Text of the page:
In the rainforests of the world, there is a common occurrence where only 2% of all species account for 50% of the total number of trees.
A recent study has discovered that only 2% of tree species in rainforests make up half of the trees present in African, Amazonian, and south-east Asian tropical forests.
Researchers have found that a small number of tree species are prevalent in the world’s main rainforests, while the majority of species are rare and diverse, mirroring patterns seen in other parts of the natural world.
A team of 356 scientists from University College London conducted a study published in the Nature journal, revealing similar levels of tree diversity in rainforests around the globe. These regions are known to be the most biologically diverse on Earth. The researchers found that approximately 1,000 species make up half of the 800 billion trees in tropical rainforests, with the remaining 46,000 species accounting for the rest.
“The results of our study have significant implications for comprehending tropical forests. By studying the most prevalent tree species, we may be able to anticipate the overall response of the forest to current rapid environmental changes,” stated Declan Cooper, the primary researcher from the UCL Center for Biodiversity and Environment Research. “This is particularly crucial considering that tropical forests hold a vast amount of stored carbon and serve as a critical global carbon sink.”
A group of researchers proved that although African tropical forests have fewer species overall compared to the Amazon and south-east Asia, their diversity follows a similar trend. The study was conducted using over 1 million tree samples from 2,048 hectares (5,050 acres) of rainforest at 1,568 locations. The results showed that approximately 2.2% of species accounted for 50% of the trees in the biome.
According to Prof Bonaventure Sonké from the University of Yaoundé I in Cameroon, it is a well-known fact that African forests have fewer species compared to forests in the Amazon and south-east Asia. However, there is an interesting discovery that these forests also have a similar proportion of common species, indicating the presence of fundamental rules that govern all tropical forests around the world.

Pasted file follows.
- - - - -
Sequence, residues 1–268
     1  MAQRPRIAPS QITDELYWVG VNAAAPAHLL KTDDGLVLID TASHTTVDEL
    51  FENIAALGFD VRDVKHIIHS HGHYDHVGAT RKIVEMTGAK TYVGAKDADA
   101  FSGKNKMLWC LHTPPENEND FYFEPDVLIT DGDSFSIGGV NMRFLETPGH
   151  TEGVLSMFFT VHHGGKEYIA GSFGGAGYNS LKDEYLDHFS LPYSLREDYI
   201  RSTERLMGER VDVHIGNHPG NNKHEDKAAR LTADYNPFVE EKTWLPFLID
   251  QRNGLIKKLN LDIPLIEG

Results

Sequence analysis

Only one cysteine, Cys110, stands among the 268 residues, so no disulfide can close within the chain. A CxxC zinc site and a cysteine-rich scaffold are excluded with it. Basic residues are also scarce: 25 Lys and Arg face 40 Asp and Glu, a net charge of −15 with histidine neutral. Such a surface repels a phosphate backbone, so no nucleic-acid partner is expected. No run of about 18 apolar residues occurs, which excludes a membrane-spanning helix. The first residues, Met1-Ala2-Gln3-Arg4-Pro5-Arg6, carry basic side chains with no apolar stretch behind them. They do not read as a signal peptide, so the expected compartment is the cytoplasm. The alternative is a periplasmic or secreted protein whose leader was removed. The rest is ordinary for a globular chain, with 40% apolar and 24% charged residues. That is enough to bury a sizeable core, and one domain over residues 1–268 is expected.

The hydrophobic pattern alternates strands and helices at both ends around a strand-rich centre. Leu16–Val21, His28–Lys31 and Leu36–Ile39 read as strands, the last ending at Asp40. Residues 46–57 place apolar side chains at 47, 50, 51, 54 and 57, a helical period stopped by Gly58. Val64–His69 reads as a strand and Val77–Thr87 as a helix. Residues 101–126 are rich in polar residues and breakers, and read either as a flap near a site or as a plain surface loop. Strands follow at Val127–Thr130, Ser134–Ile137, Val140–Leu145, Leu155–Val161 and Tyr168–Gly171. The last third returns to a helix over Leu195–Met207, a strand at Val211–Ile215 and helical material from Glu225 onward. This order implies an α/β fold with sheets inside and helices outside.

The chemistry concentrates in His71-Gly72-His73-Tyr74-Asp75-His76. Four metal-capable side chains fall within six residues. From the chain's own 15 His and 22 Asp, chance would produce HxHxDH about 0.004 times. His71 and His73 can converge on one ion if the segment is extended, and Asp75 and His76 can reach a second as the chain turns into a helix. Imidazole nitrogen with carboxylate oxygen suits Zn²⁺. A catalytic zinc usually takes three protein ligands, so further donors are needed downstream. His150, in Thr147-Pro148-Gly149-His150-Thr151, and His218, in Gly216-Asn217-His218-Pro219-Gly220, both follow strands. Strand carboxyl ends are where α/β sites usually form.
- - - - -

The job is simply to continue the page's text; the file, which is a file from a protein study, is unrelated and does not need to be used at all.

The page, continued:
The results of the study suggest that there may be a governing process behind the formation of tropical forests around the world. The researchers intend to concentrate their future efforts on identifying this potential rule, taking into account the varying geographical conditions of the forests they examined. The climate in African tropical forests is drier and cooler compared to the other two regions, while those in southeast Asia are located on separate islands. The Amazon is a vast area of interconnected forests where human habitation is relatively recent compared to the other regions.
Prof Simon Lewis, from the geography department at UCL and the University of Leeds, led the study and stated that they aimed to approach tropical forests from a different perspective. Rather than focusing on the vast number of tree species that are largely unknown, they chose to concentrate on a select group of a few hundred common species on each continent. This approach offers new avenues for understanding these valuable forests.
Focusing on common species should not diminish the significance of rare species. Rare species require extra care for protection, but studying the most common tree species scientifically can also lead to significant progress and understanding.
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